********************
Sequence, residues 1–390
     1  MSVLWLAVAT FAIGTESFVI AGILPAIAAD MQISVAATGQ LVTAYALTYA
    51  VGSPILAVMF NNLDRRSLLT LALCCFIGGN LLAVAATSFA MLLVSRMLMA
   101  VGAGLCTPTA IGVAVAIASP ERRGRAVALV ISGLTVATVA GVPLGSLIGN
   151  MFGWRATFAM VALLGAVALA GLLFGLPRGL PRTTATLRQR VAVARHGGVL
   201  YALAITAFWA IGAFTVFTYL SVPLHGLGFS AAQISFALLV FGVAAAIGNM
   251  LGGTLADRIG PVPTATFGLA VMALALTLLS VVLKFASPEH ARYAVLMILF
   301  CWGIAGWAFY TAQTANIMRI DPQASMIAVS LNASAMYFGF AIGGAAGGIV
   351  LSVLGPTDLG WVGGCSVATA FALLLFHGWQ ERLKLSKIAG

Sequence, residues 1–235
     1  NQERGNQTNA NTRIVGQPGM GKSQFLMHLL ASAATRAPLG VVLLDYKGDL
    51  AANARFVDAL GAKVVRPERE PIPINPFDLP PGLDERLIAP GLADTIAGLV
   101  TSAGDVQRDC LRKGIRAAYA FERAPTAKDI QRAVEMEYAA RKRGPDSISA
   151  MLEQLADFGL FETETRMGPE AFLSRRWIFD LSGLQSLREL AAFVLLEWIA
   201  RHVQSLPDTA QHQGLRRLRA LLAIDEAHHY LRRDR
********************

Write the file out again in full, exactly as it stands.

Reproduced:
Sequence, residues 1–390
     1  MSVLWLAVAT FAIGTESFVI AGILPAIAAD MQISVAATGQ LVTAYALTYA
    51  VGSPILAVMF NNLDRRSLLT LALCCFIGGN LLAVAATSFA MLLVSRMLMA
   101  VGAGLCTPTA IGVAVAIASP ERRGRAVALV ISGLTVATVA GVPLGSLIGN
   151  MFGWRATFAM VALLGAVALA GLLFGLPRGL PRTTATLRQR VAVARHGGVL
   201  YALAITAFWA IGAFTVFTYL SVPLHGLGFS AAQISFALLV FGVAAAIGNM
   251  LGGTLADRIG PVPTATFGLA VMALALTLLS VVLKFASPEH ARYAVLMILF
   301  CWGIAGWAFY TAQTANIMRI DPQASMIAVS LNASAMYFGF AIGGAAGGIV
   351  LSVLGPTDLG WVGGCSVATA FALLLFHGWQ ERLKLSKIAG

Sequence, residues 1–235
     1  NQERGNQTNA NTRIVGQPGM GKSQFLMHLL ASAATRAPLG VVLLDYKGDL
    51  AANARFVDAL GAKVVRPERE PIPINPFDLP PGLDERLIAP GLADTIAGLV
   101  TSAGDVQRDC LRKGIRAAYA FERAPTAKDI QRAVEMEYAA RKRGPDSISA
   151  MLEQLADFGL FETETRMGPE AFLSRRWIFD LSGLQSLREL AAFVLLEWIA
   201  RHVQSLPDTA QHQGLRRLRA LLAIDEAHHY LRRDR